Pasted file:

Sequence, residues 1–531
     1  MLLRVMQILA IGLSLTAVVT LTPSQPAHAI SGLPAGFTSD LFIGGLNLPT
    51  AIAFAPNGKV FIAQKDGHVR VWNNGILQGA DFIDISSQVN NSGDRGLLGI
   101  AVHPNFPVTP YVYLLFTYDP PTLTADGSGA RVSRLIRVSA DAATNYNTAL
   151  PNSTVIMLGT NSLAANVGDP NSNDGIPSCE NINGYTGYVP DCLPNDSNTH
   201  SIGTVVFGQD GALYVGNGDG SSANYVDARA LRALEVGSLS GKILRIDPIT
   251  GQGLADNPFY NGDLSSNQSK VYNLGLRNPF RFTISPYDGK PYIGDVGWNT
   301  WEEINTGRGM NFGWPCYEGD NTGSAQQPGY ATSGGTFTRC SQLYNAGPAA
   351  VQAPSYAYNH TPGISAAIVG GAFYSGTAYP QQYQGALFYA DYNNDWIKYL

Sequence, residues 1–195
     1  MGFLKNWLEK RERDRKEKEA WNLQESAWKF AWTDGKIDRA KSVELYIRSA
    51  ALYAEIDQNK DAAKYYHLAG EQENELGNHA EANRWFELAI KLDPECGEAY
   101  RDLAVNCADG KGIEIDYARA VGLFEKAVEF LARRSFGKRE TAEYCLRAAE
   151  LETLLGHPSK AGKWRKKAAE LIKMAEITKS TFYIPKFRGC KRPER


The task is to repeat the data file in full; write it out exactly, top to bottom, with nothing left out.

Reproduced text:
Sequence, residues 1–531
     1  MLLRVMQILA IGLSLTAVVT LTPSQPAHAI SGLPAGFTSD LFIGGLNLPT
    51  AIAFAPNGKV FIAQKDGHVR VWNNGILQGA DFIDISSQVN NSGDRGLLGI
   101  AVHPNFPVTP YVYLLFTYDP PTLTADGSGA RVSRLIRVSA DAATNYNTAL
   151  PNSTVIMLGT NSLAANVGDP NSNDGIPSCE NINGYTGYVP DCLPNDSNTH
   201  SIGTVVFGQD GALYVGNGDG SSANYVDARA LRALEVGSLS GKILRIDPIT
   251  GQGLADNPFY NGDLSSNQSK VYNLGLRNPF RFTISPYDGK PYIGDVGWNT
   301  WEEINTGRGM NFGWPCYEGD NTGSAQQPGY ATSGGTFTRC SQLYNAGPAA
   351  VQAPSYAYNH TPGISAAIVG GAFYSGTAYP QQYQGALFYA DYNNDWIKYL

Sequence, residues 1–195
     1  MGFLKNWLEK RERDRKEKEA WNLQESAWKF AWTDGKIDRA KSVELYIRSA
    51  ALYAEIDQNK DAAKYYHLAG EQENELGNHA EANRWFELAI KLDPECGEAY
   101  RDLAVNCADG KGIEIDYARA VGLFEKAVEF LARRSFGKRE TAEYCLRAAE
   151  LETLLGHPSK AGKWRKKAAE LIKMAEITKS TFYIPKFRGC KRPER